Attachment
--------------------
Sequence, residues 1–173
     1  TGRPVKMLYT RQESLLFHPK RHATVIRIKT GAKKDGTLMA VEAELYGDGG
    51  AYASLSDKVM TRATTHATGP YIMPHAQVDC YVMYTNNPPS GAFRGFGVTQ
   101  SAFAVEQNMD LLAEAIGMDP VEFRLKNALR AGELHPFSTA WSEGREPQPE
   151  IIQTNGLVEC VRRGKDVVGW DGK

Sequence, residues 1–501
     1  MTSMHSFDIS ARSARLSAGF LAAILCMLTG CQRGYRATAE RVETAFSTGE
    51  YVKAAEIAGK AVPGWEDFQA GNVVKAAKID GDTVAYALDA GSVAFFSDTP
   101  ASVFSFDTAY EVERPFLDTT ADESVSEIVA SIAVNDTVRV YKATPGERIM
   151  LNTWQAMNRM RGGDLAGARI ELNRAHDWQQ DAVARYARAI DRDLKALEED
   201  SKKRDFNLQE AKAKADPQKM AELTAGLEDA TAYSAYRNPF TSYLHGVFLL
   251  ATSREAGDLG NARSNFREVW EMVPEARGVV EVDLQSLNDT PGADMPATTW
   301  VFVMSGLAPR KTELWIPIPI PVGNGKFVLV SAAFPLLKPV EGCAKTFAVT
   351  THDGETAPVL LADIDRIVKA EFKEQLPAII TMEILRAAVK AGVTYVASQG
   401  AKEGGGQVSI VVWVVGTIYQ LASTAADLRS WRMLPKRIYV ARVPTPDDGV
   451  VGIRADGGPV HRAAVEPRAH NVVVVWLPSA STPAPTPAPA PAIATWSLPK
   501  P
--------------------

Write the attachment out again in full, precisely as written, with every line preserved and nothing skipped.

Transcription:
Sequence, residues 1–173
     1  TGRPVKMLYT RQESLLFHPK RHATVIRIKT GAKKDGTLMA VEAELYGDGG
    51  AYASLSDKVM TRATTHATGP YIMPHAQVDC YVMYTNNPPS GAFRGFGVTQ
   101  SAFAVEQNMD LLAEAIGMDP VEFRLKNALR AGELHPFSTA WSEGREPQPE
   151  IIQTNGLVEC VRRGKDVVGW DGK

Sequence, residues 1–501
     1  MTSMHSFDIS ARSARLSAGF LAAILCMLTG CQRGYRATAE RVETAFSTGE
    51  YVKAAEIAGK AVPGWEDFQA GNVVKAAKID GDTVAYALDA GSVAFFSDTP
   101  ASVFSFDTAY EVERPFLDTT ADESVSEIVA SIAVNDTVRV YKATPGERIM
   151  LNTWQAMNRM RGGDLAGARI ELNRAHDWQQ DAVARYARAI DRDLKALEED
   201  SKKRDFNLQE AKAKADPQKM AELTAGLEDA TAYSAYRNPF TSYLHGVFLL
   251  ATSREAGDLG NARSNFREVW EMVPEARGVV EVDLQSLNDT PGADMPATTW
   301  VFVMSGLAPR KTELWIPIPI PVGNGKFVLV SAAFPLLKPV EGCAKTFAVT
   351  THDGETAPVL LADIDRIVKA EFKEQLPAII TMEILRAAVK AGVTYVASQG
   401  AKEGGGQVSI VVWVVGTIYQ LASTAADLRS WRMLPKRIYV ARVPTPDDGV
   451  VGIRADGGPV HRAAVEPRAH NVVVVWLPSA STPAPTPAPA PAIATWSLPK
   501  P